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Environment

Sea ice globally is at a shocking low extent, thanks to record declines in both the Arctic and Antarctic

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Arctic sea extent in the Arctic during November is shown on the left, and in the Antarctic on the right. The blue lines show the average extents for the month. (Source: ClimateReanalyzer.org, University of Maine) Dramatic losses in both the Arctic and Antarctic drove sea ice extent to record lows in both regions during November, the National Snow and Ice Data Center has announced. In the Arctic, sea ice extent averaged 753,000 square miles below the long-term average for November. This set a new record low for the month, which extends back 38 years to 1979. That makes it seven record lows in the Arctic this year. And we've still got one more month left. Meanwhile, the deficit in Antarctica stood at 699,000 square miles. This completely blew away the previous record low for the month, set in 1986. Put the numbers from the two hemispheres together and you get a total sea ice deficit for the month equivalent in extent to nearly half of the land area of the lower 48 states of the United States.

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The red line in the time series above shows the the daily global sea ice extent for the Arctic and Antarctic compared to the long-term average, indicated by the blue line. (Source: W. Meier, NASA Cryospheric Sciences, GSFC) For a couple of reasons, I hesitated including that aggregated figure. First, the factors that influence sea ice in the two hemispheres are different. Moreover, the Arctic is in winter now, whereas the Antarctic is experiencing summer. With this in mind, an NSIDC press release today cautions that "it is unlikely that record low conditions in the two hemispheres are connected." But I decided to go with it anyway because there is one background factor that is undeniably common to both hemispheres: Humankind's emissions of carbon dioxide and other greenhouse gases are causing more and more energy to build up in the climate system, resulting in a long-term rise in temperatures around the world. The specific factors affecting sea ice in the Arctic included an unusual jet stream pattern during the month, according to the NSIDC report. This resulted in southerly winds that brought warmer air than normal into the Arctic. These winds also pushed ice northward, helping to reduce ice extent in the Barents Sea. In addition, warm water from the Atlantic managed to circulate onto Arctic continental shelf areas. “It looks like a triple whammy—a warm ocean, a warm atmosphere, and a wind pattern all working against the ice in the Arctic,” says NSIDC director Mark Serreze. The result: Exceptionally warm sea surface and air temperatures in the Arctic that retarded the growth of sea ice in key areas. “The October freeze-up was very slow and that continued through much of November,” says Walt Meier, a sea ice scientist at NASA’s Goddard Space Flight Center, quoted in a story today at NASA's Earth Observatory. Sea ice actually retreated in the Barents Sea during November — a startling occurrence given that the wintertime polar night has settled over the region, and frigid temperatures should be encouraging rapid growth of ice.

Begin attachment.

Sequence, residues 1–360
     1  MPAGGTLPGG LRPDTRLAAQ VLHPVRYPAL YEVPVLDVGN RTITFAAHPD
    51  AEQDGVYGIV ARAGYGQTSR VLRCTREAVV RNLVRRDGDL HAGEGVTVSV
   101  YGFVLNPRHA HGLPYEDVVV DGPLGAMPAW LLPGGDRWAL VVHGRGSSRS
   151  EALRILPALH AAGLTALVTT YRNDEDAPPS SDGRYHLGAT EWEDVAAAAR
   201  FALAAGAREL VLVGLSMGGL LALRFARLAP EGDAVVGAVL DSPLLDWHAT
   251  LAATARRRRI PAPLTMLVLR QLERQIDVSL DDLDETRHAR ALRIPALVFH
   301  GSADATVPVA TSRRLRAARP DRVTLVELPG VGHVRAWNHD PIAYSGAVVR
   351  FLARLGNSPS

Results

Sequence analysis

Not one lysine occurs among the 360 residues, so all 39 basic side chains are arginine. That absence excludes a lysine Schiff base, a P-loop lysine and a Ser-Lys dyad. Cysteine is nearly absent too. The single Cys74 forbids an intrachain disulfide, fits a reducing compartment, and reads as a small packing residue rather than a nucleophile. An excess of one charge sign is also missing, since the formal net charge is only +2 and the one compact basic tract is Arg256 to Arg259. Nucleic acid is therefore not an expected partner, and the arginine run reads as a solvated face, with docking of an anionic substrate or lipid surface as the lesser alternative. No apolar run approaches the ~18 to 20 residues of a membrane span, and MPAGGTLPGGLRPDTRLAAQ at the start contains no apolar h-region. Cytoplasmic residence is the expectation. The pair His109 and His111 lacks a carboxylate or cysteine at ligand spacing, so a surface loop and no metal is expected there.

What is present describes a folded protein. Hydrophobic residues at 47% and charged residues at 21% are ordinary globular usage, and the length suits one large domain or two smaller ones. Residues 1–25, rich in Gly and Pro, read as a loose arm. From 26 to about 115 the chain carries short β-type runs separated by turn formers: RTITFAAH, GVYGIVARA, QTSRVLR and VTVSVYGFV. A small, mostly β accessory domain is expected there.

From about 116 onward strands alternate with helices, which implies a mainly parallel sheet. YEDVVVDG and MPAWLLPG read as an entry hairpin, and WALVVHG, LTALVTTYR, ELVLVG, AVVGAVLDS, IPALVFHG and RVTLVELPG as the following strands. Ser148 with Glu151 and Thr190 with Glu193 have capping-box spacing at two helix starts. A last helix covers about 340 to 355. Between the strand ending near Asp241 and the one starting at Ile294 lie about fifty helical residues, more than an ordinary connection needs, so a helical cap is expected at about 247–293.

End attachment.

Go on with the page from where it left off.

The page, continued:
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Daily extent of Arctic sea ice in 2016, and every other year since 1979. (Source: NASA Earth Observatory) The animation above illustrates the long-term decline in Arctic sea since the start of the satellite observation era in 1979. It also dramatizes just how much sea ice extent has plunged in both October and November of this year. Meanwhile, in the Southern Hemisphere, a rapid and dramatic decline in sea ice extent occurred in November, as this graph illustrates:

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Monthly November Antarctic sea ice extent for 1979 to 2016. (Source: National Snow and Ice Data Center) With some obvious ups and downs, ice extent around Antarctica had been growing slowly since 1979. But look at that plunging line showing what happened in November. I can't think of any word to describe this other than shocking. Temperatures were 4 to 7 degrees Fahrenheit higher than normal around much of Antarctica during November, according to the NSIDC. In addition, winds circling the Antarctic continent shifted rapidly, bringing winds from the north. These compressed areas of low-concentration sea ice, reducing the overall extent. "The Arctic has typically been where the most interest lies, but this month, the Antarctic has flipped the script and it is southern sea ice that is surprising us," says Walt Meier.

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